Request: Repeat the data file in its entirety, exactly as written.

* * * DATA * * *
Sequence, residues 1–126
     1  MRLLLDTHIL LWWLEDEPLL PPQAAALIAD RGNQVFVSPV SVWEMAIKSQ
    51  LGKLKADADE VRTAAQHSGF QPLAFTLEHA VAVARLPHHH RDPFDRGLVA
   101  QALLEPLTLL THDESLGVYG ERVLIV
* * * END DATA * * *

Sequence, residues 1–126
     1  MRLLLDTHIL LWWLEDEPLL PPQAAALIAD RGNQVFVSPV SVWEMAIKSQ
    51  LGKLKADADE VRTAAQHSGF QPLAFTLEHA VAVARLPHHH RDPFDRGLVA
   101  QALLEPLTLL THDESLGVYG ERVLIV